A spate of Phase III data events over the next two years will give a readout on how correctly the lessons learned five years ago about cancer immunotherapies targeting T cell responses have been put into practice. But the next wave of therapies already is testing and building upon new insights brought about by the success of Yervoy ipilimumab, the first of the immune checkpoint inhibitors.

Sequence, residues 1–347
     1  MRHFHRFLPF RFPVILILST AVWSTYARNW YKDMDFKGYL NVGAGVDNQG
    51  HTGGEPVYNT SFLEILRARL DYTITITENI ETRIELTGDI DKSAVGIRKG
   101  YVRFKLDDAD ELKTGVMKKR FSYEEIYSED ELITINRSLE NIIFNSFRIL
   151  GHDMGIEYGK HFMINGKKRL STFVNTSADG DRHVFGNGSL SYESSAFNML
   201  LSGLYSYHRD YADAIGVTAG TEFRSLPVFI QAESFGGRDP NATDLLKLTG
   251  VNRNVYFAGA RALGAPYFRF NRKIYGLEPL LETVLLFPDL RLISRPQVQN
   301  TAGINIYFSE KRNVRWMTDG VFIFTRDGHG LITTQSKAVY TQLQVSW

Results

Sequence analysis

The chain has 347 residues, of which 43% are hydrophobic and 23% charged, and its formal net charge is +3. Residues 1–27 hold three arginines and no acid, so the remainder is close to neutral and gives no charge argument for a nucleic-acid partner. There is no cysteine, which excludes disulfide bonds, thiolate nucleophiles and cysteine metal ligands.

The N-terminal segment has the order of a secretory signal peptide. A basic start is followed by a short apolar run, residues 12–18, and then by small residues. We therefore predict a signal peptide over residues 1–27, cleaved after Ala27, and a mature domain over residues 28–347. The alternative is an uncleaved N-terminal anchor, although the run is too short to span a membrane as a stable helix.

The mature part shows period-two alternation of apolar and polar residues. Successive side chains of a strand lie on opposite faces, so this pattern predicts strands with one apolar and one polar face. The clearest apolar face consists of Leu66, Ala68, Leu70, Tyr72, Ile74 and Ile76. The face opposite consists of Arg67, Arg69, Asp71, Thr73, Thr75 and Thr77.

Dendreon Corp.'s Provenge sipuleucel-T, which was approved to treat metastatic castration-resistant prostate cancer (CRPC) in 2010, proved the longstanding hypothesis that it is possible to induce a cancer patient's T cells to mount enough of a response against tumors to produce a measurable clinical effect (see BioCentury, April 20, 2009).